The Mountain of Gold is the second novel in the The Journals of Matthew Quinton series by J.D. Davies. It is historical naval fiction, but unlike most other novels set in the Age of Sail, Matthew Quinton lives in the 17th century, in post-Civil War era England where the king's power is still shaky and many wish that the Civil War had ended differently. The first novel was somewhat light on the naval adventure side, most action taking place on land, and the sequel has the same problem, if you wish to call it that. But, overall, it is rather a good read of the period.
Matthew Quinton is still a raw captain and relies mostly on his officers to handle the ship for him, but he is learning with the help of his good friend and officer, Kit Farrell. At the beginning of the story, Quinton captures a Corsair pirate from under the nose of a Maltese knight, a Frenchman called Montnoir. The pirate turns out to be a renegade Irishman, who avoids the usual hanging sentence by relating a story of a mountain of gold somewhere in the depths of Africa. Matthew decides to bring the Irishman back to England and soon finds the king captivated by the story and his own next mission taking him to Africa in search of the said mountain.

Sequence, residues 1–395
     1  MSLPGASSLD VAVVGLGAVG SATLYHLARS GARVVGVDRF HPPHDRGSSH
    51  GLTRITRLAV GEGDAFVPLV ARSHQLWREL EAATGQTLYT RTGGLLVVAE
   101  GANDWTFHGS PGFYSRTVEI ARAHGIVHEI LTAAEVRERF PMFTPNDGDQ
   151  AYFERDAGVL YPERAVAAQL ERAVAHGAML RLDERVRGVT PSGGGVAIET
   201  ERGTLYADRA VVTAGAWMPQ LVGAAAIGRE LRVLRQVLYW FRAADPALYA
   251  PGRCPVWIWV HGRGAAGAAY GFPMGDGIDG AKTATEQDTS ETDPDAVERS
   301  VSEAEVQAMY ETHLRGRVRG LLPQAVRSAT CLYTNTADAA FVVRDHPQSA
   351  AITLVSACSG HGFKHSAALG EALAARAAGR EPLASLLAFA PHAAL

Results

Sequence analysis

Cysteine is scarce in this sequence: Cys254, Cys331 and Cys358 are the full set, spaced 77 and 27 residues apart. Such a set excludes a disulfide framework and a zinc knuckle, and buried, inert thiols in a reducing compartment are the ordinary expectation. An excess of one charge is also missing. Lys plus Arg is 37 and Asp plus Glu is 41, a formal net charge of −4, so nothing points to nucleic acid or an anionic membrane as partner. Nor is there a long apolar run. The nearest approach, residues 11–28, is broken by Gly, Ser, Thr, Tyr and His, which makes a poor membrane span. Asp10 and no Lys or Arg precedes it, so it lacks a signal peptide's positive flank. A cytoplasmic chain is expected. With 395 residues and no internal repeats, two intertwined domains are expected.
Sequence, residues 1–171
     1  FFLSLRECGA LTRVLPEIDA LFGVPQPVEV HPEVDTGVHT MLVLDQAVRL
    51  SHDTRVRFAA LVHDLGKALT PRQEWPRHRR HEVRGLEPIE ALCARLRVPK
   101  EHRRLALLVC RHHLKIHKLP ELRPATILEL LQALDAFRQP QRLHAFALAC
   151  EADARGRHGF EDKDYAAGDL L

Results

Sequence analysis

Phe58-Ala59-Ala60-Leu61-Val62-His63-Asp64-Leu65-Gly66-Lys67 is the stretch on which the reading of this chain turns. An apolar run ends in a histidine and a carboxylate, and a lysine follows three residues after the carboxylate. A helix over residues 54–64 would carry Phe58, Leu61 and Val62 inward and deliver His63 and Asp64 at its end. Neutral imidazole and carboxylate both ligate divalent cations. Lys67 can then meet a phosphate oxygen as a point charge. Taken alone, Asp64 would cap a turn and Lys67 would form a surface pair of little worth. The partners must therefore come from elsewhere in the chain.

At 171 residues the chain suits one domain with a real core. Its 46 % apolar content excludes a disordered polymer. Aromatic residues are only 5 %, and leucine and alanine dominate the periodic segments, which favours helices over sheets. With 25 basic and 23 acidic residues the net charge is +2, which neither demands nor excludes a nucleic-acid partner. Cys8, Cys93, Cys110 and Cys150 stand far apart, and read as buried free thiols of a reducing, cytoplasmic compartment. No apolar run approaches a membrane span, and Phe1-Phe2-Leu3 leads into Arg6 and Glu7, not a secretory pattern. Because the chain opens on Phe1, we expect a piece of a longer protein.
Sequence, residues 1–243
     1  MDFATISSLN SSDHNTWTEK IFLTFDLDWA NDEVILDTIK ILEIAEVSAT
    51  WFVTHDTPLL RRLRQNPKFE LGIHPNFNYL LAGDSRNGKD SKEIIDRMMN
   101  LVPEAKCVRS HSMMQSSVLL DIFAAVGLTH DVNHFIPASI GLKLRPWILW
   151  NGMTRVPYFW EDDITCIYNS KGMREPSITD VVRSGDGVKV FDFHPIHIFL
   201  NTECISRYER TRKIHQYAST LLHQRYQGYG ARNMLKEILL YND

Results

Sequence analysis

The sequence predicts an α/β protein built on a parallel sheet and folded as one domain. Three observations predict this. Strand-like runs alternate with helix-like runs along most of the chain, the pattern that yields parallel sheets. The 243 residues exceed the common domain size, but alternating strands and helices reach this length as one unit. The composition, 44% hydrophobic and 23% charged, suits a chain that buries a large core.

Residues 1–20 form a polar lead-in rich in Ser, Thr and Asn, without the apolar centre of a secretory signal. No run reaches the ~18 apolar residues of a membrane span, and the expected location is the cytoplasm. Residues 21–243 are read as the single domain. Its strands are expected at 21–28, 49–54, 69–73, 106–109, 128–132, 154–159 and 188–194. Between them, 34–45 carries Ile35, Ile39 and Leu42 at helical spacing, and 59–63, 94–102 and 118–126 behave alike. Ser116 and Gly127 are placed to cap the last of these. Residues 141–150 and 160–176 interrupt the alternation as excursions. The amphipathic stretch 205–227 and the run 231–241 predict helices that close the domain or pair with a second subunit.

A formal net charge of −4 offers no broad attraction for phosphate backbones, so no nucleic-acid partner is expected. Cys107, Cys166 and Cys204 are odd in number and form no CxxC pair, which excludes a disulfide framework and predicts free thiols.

Given the overall plot and the name of the novel, one might expect most of the action taking place at the sea and in the exotic African wilderness, but it takes more than half the novel until we finally set sail. Until then, the focus is mostly on Matthew's family affairs and court intrigue involving his mother, the king and his brother. It is a somewhat sloggish read until the expedition begins and then there are not really that many pages left of the novel to give the Africa plot its due lot; events go by quickly and the novel ends before you would wish it to. Moreover, Matthew manages to fill even some of this section with his worries about his family.
The only character that seems to be fully developed is Matthew himself. Most of the others, even his wife and his friend Kit, get only a surface description and we do not really find out what kind of people they are. The only other character getting more attention is the Irish renegade, O'Dwyer, but the question of the truth behind his story is somewhat obvious and the twists and the turns of the plot towards the end are not very complex. Still, the story comes to a good conclusion and Matthew even finds out stuff about the family intrigue that troubled him in the first half of the novel (though, it must be said, an observant reader probably had the answers long before Matthew did).
As a reader, I would have expected more naval life and action - and action in general - from the novel and I do hope that the series will feature more of them in future installments. Also, given how much introspection there was in this one, one would also wish to see the supporting cast featured more fully and their characters rounded beyond a name, rank and a generic attitude. The historical detail is very good, especially the description of a ship yard and the river-side villages of Africa.
There is potential here and the second part improved upon the first one well enough. Aside from the first half of the novel, I was fully entertained by the latter half of it. The writing is generally very good and I definitely plan to continue reading the series.